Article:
• We exploit the DNN at each vehicle to compress local observations, which is further augmented by a quantized layer, to reduce network signaling overhead while achieving desirable performance.

  • We also develop a distributed decision making architecture that allows spectrum sharing decisions to be made at each vehicle locally and binary feedback is designed for signaling overhead reduction.

  • Based on extensive computer simulations, we demonstrate both of the proposed architectures can achieve near-optimal performance and are robust to feedback interval variations, input noise, and feedback noise. In addition, the optimal number of continuous feedback and feedback bits for each V2V link are presented that strike a balance between signaling overhead and performance loss.

The rest of this paper is organized as follows. The system model is presented in Section II. Then, the BS aided spectrum sharing architecture, including distributed CSI compression and feedback, centralized resource allocation and quantized feedback, is introduced in Section III. The distributed decision making and spectrum sharing architecture is discussed in Section IV. Simulation results are presented in Section V. Finally, conclusions are drawn in Section VI.

Ii System Model

We consider a vehicular communication network with cellular users (CUs) and pairs of coexisting device-to-device (D2D) users, where all devices are equipped with a single antenna. Let and denote the sets of all D2D pairs and CUs, respectively. Each pair of D2D users exchange important and short messages, such as safety-related information via establishing a V2V link while each CU uses a V2I link to support bandwidth-intensive applications, such as social networking and video streaming. In order to ensure the QoS of the CUs, we assume all V2I links are assigned orthogonal radio resources. Without loss of generality, we assume that each CU occupies one channel for its uplink transmission. To improve the spectrum utilization efficiency, all V2V links share the spectrum resource with V2I links. Therefore, is also referred to as the channel set.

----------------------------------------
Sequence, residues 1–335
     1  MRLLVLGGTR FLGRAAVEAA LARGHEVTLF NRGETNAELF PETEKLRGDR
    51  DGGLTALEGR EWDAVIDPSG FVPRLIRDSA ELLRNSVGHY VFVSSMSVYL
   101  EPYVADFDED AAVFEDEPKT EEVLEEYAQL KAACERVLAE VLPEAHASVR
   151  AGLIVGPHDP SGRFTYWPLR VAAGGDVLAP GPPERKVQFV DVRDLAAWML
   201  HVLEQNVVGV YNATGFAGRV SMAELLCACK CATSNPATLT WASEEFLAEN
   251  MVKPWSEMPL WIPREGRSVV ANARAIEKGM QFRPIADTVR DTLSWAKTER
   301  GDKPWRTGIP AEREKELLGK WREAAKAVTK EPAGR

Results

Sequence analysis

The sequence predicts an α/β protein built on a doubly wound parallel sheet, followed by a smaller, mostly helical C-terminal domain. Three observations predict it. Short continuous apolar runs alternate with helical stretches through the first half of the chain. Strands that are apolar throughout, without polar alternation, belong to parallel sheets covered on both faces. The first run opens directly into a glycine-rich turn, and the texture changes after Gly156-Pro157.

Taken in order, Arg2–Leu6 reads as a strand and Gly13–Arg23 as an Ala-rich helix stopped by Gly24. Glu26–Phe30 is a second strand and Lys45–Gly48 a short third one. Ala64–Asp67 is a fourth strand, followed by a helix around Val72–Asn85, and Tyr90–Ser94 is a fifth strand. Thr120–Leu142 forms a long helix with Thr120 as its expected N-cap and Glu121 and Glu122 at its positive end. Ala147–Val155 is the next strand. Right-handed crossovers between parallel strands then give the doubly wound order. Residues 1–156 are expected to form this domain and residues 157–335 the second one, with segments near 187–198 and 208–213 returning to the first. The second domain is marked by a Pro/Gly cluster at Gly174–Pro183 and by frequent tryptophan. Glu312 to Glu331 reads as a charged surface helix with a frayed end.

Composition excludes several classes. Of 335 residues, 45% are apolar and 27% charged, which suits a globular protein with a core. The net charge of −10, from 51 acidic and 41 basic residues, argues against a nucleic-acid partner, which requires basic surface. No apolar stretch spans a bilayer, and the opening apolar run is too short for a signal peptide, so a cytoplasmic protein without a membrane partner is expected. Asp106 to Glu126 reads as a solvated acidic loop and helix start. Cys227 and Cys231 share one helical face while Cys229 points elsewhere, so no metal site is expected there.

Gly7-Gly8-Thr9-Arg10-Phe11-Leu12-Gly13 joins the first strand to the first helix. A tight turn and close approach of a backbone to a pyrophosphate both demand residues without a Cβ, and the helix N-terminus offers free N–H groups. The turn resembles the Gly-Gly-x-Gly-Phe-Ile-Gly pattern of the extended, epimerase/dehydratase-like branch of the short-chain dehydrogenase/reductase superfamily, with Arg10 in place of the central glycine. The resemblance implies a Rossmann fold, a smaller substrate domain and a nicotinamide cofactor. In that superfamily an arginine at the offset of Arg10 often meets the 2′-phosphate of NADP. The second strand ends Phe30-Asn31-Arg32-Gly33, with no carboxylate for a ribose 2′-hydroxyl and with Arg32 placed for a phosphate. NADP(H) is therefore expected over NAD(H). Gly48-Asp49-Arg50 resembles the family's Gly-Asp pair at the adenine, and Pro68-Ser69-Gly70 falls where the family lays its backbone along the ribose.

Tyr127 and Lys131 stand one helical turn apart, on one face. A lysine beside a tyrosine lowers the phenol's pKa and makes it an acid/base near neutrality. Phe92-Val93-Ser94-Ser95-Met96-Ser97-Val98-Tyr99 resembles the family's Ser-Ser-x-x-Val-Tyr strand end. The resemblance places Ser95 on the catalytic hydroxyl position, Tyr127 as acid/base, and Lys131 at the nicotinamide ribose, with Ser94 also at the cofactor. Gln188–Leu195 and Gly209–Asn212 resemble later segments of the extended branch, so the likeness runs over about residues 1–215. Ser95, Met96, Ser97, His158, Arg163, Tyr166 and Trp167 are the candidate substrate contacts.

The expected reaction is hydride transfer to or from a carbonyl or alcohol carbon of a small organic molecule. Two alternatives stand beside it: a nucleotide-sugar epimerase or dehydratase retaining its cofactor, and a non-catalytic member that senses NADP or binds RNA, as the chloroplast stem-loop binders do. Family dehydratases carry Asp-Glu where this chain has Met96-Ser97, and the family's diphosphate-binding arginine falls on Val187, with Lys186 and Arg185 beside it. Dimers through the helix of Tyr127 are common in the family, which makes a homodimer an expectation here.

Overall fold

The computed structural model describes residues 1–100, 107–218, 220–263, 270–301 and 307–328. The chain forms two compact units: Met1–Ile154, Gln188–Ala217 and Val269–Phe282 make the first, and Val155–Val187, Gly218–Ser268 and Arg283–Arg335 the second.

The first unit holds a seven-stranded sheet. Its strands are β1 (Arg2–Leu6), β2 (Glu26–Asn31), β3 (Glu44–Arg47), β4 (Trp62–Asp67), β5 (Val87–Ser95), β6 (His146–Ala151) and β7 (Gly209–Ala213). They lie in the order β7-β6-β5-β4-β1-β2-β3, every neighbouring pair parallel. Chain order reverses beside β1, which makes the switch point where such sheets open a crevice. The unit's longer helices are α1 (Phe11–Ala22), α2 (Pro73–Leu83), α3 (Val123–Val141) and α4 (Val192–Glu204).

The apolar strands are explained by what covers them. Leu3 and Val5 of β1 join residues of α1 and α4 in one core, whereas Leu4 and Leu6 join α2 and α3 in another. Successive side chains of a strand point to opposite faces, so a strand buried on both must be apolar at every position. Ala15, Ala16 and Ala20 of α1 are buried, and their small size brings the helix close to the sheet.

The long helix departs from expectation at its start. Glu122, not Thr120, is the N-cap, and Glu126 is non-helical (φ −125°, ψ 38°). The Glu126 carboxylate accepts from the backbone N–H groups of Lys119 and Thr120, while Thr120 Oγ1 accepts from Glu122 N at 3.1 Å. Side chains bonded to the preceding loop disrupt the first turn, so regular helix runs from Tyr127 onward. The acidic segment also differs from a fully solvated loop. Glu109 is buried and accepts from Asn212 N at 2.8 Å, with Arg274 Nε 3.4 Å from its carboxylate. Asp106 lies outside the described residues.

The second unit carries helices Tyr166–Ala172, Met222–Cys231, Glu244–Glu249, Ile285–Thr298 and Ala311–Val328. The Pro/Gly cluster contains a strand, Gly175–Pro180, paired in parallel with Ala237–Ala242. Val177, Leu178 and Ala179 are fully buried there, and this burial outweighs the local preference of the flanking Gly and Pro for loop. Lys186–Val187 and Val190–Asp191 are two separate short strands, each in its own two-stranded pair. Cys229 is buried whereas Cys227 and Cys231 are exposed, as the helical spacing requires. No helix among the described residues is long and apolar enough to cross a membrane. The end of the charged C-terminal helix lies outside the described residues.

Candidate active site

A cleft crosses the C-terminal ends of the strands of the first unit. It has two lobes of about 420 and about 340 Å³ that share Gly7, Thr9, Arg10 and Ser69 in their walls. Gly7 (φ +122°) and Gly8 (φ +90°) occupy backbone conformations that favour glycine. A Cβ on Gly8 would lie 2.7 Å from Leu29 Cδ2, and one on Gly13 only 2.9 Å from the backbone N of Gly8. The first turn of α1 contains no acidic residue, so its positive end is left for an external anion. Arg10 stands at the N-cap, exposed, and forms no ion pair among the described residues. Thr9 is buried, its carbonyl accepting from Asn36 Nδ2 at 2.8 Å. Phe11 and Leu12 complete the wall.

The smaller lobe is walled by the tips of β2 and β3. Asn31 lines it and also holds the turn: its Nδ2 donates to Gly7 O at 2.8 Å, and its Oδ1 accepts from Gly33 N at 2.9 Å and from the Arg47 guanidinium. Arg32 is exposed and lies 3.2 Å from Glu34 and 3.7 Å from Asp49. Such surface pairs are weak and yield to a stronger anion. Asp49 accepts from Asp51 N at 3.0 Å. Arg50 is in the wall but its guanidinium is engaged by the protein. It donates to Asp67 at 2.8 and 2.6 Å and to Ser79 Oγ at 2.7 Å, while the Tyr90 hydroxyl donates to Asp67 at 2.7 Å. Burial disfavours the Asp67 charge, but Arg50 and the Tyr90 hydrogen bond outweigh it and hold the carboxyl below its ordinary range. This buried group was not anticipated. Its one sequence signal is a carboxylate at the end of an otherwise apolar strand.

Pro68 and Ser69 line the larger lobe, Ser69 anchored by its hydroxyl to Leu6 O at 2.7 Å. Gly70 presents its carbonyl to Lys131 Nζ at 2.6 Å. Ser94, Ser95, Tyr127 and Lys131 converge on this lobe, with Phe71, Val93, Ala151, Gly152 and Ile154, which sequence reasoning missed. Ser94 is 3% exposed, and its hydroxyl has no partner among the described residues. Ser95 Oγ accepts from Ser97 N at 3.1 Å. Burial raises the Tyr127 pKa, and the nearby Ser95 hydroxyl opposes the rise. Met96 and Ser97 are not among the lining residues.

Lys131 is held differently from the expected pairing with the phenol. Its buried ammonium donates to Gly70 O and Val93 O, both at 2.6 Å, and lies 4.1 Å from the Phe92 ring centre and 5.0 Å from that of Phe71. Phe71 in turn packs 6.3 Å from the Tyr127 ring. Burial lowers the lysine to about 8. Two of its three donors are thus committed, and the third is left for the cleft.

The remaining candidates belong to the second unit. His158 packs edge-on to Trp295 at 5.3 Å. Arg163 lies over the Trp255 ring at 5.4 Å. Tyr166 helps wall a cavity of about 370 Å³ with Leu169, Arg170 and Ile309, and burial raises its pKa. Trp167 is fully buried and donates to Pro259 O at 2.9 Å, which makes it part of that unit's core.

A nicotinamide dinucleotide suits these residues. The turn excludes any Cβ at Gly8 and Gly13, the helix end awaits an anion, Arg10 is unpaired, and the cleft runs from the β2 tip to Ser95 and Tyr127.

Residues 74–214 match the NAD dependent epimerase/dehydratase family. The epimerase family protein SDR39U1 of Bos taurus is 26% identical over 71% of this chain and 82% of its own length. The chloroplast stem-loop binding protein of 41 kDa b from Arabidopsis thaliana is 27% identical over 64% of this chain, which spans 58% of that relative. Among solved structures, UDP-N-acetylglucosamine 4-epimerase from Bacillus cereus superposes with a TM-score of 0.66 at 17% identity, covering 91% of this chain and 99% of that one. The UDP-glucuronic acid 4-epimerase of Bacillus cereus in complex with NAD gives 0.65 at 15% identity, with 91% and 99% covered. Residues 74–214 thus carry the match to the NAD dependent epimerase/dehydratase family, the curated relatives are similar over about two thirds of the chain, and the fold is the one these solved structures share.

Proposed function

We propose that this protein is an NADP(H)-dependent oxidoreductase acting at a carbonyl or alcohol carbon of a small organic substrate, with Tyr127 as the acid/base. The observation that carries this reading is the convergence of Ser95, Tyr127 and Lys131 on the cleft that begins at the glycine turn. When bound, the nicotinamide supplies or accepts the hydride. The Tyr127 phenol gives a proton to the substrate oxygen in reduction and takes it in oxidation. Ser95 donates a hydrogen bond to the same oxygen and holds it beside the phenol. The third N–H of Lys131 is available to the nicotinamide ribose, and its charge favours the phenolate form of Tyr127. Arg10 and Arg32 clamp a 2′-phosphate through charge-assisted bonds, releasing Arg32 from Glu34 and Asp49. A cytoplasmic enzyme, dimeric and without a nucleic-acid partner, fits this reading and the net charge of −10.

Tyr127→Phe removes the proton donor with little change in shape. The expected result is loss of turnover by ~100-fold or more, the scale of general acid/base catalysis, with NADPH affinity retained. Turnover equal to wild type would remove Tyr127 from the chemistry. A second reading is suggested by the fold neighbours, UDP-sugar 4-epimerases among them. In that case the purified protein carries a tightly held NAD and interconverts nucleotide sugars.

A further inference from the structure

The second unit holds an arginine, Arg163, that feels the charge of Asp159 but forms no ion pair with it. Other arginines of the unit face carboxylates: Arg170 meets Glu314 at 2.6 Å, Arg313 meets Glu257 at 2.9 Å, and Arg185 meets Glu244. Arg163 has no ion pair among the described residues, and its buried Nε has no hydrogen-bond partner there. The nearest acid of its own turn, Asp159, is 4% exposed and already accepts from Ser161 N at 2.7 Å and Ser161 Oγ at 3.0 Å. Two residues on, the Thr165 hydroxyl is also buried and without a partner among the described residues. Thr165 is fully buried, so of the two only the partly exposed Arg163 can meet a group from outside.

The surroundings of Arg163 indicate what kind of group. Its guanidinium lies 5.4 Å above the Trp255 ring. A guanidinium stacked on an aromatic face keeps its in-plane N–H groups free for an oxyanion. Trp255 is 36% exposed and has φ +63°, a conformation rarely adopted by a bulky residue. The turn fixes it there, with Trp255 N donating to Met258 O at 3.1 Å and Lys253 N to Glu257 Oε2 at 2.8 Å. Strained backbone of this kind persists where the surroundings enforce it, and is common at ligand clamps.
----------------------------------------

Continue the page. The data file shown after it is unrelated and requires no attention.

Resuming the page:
Denote the channel power gain from the -th CU to the BS on the -th channel, i.e., the -th V2I link, by . Let represent the cross channel power gain from the transmitter of the -th V2V link to the BS on the -th channel. The received signal-to-interference-plus-noise-ratio (SINR) of the -th V2I link can be expressed as

(1)

where and refer to the transmit powers of the -th V2I link and the -th D2D pair, respectively, represents the noise power, and is the channel allocation indicator with if the -th D2D user pair chooses the -th channel and otherwise. We assume each D2D pair only occupies one channel, i.e., . Then, the capacity of the -th V2I link on the -th channel can be written as

(2)

where denotes the channel bandwidth.

Similarly, denotes the channel power gain of the -th V2V link on the -th channel. Meanwhile, denotes the cross channel power gain from the transmitter of the -th D2D pair to the receiver of the -th D2D pair on the -th channel. Denote the cross channel power gain from the -th CU to the receiver of the -th D2D pair on the -th channel by . Then, the SINR of the -th V2V link over the -th channel can be written as

(3)

where the interference power for the -th V2V link is

(4)

In (4), the terms and refer to the interference of the other V2V links and the V2I link on the -th channel, respectively. Hence the capacity of the -th V2V link on the -th channel can be written as

(5)